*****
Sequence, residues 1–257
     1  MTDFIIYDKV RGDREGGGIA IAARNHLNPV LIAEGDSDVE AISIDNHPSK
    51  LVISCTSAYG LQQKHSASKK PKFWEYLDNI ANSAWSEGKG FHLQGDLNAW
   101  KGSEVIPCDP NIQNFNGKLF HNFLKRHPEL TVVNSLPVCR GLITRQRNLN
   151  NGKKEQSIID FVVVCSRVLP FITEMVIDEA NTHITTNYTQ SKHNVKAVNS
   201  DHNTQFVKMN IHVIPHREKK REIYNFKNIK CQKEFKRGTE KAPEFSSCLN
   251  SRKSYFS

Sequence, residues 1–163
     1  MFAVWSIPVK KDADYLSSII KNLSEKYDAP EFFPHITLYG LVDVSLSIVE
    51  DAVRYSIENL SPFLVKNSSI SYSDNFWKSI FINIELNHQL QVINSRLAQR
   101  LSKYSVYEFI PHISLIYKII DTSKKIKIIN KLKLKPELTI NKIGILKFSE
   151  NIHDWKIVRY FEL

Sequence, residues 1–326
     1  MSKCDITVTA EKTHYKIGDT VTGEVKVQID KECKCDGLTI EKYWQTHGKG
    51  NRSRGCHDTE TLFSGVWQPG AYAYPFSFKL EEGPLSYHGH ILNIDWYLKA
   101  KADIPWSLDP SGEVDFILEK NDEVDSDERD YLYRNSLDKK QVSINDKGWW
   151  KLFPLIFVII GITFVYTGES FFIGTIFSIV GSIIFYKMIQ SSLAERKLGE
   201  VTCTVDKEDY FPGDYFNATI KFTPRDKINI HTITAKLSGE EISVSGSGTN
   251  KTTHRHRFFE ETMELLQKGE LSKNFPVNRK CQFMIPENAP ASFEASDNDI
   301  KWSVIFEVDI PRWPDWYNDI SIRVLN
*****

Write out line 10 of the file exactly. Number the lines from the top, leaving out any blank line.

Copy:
    51  DAVRYSIENL SPFLVKNSSI SYSDNFWKSI FINIELNHQL QVINSRLAQR